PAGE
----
Grouse Hill campsite is hidden at the end of a long drive that’s accessed from behind The Flask pub on the A171. We approached from Scarborough and didn’t see any signs for the campsite, although if you miss it (or if you’re approaching from Whitby) there’ another entrance road that is signed.
For such an out-of-the-way site, security is high with an automatic barrier on the entrance and doors to the toilets/showers and washing up area kept locked. We arrived and were given a friendly welcome by the owners in the site office which also houses a small shop stocked with camping essentials and food basics.
On our first evening we decided to walk back along the long drive to sample the food at The Flask rather than cook for ourselves and we were pleased with the friendly atmosphere, traditional home-cooked pub food and very generous portions!
Grouse Hill is on the larger end of the scale in terms of the sites we’ve visited of late – their website says they have 175 pitches, and it tends to be occupied by a lot of touring caravans and large motorhomes (as a quick look at the photos on their site will confirm). Perhaps this is the effect of having good access directly from a main road. There’s an area at the bottom of the site dedicated to tent pitches though. The site looks like it may have been set in a former quarry, as it has been landscaped into a series of terraces so that each row of pitches has an unobscured view which prevents you feeling too hemmed in. We were pitched on one of the top terraces so looked out over the tops of the caravans below and had a view through their television aerials and satellite dishes.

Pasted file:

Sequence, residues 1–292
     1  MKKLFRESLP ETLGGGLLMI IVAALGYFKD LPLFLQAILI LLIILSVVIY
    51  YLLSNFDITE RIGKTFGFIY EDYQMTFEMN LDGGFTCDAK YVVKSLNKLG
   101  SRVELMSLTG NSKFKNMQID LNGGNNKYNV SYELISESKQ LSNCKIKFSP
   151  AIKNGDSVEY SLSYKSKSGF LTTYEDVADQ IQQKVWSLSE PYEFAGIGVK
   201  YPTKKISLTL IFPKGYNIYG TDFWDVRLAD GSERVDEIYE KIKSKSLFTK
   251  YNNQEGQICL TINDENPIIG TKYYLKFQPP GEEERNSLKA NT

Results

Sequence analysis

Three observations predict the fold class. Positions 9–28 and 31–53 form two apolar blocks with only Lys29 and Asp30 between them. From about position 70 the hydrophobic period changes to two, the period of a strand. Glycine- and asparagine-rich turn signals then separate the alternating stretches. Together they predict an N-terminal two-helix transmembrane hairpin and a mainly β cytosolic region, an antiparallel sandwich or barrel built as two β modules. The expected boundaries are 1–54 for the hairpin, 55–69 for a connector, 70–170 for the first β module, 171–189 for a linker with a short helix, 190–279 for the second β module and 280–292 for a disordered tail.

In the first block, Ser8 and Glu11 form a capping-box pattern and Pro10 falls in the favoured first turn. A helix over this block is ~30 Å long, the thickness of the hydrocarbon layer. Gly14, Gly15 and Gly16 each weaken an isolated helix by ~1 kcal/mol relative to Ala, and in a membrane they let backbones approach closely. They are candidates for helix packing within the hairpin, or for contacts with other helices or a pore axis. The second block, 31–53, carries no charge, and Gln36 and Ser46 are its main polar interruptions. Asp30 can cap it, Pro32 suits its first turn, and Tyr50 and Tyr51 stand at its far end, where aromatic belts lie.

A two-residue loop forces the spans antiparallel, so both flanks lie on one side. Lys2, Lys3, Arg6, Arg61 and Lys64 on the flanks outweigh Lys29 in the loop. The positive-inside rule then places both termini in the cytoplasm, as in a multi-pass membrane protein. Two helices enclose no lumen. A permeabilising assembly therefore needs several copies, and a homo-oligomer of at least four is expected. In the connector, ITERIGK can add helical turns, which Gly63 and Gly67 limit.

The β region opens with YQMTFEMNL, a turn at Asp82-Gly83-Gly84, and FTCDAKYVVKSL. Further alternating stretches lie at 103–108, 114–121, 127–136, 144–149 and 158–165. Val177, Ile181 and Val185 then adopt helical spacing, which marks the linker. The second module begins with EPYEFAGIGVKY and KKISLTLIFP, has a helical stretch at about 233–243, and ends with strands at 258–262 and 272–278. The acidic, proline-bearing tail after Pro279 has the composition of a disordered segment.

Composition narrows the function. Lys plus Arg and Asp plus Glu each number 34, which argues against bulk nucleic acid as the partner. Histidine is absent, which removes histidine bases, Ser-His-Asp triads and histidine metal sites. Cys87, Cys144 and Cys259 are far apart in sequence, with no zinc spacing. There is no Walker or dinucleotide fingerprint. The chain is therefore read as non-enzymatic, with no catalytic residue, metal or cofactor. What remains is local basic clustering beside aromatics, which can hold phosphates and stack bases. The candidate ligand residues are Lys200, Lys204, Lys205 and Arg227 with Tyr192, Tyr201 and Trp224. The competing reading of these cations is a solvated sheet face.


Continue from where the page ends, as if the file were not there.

Although it’s a large site, it seemed fairly quiet as many of the caravans look like they have long-term pitches and were unoccupied during our stay. Having said that, on the Saturday evening we retreated back inside the van earlier than usual due to the unwelcome sounds of the opening night of a new series of XFactor blaring out from the tents and caravans below. There’s access from the bottom of the site out onto the moors. We took advice from the reception on a route to take but found it to be a bit overgrown and didn’t manage to find a well trodden path.
Beyond the campsite, the view is taken up by the purple heather covering the hills of the North Yorkshire Moors. It’s well situated for a trip to Whitby, a short 15 minute drive to the North, or Scarborough, 20 minutes South. We did both, and found Whitby regatta in full swing on the day we visited so it was even busier than normal. Robin Hood’s Bay is also a lovely location and only 5 miles from the site so is well worth a visit (but beware of the extremely steep hill down to the bay – it’s hard work on foot, and best avoided in a campervan!).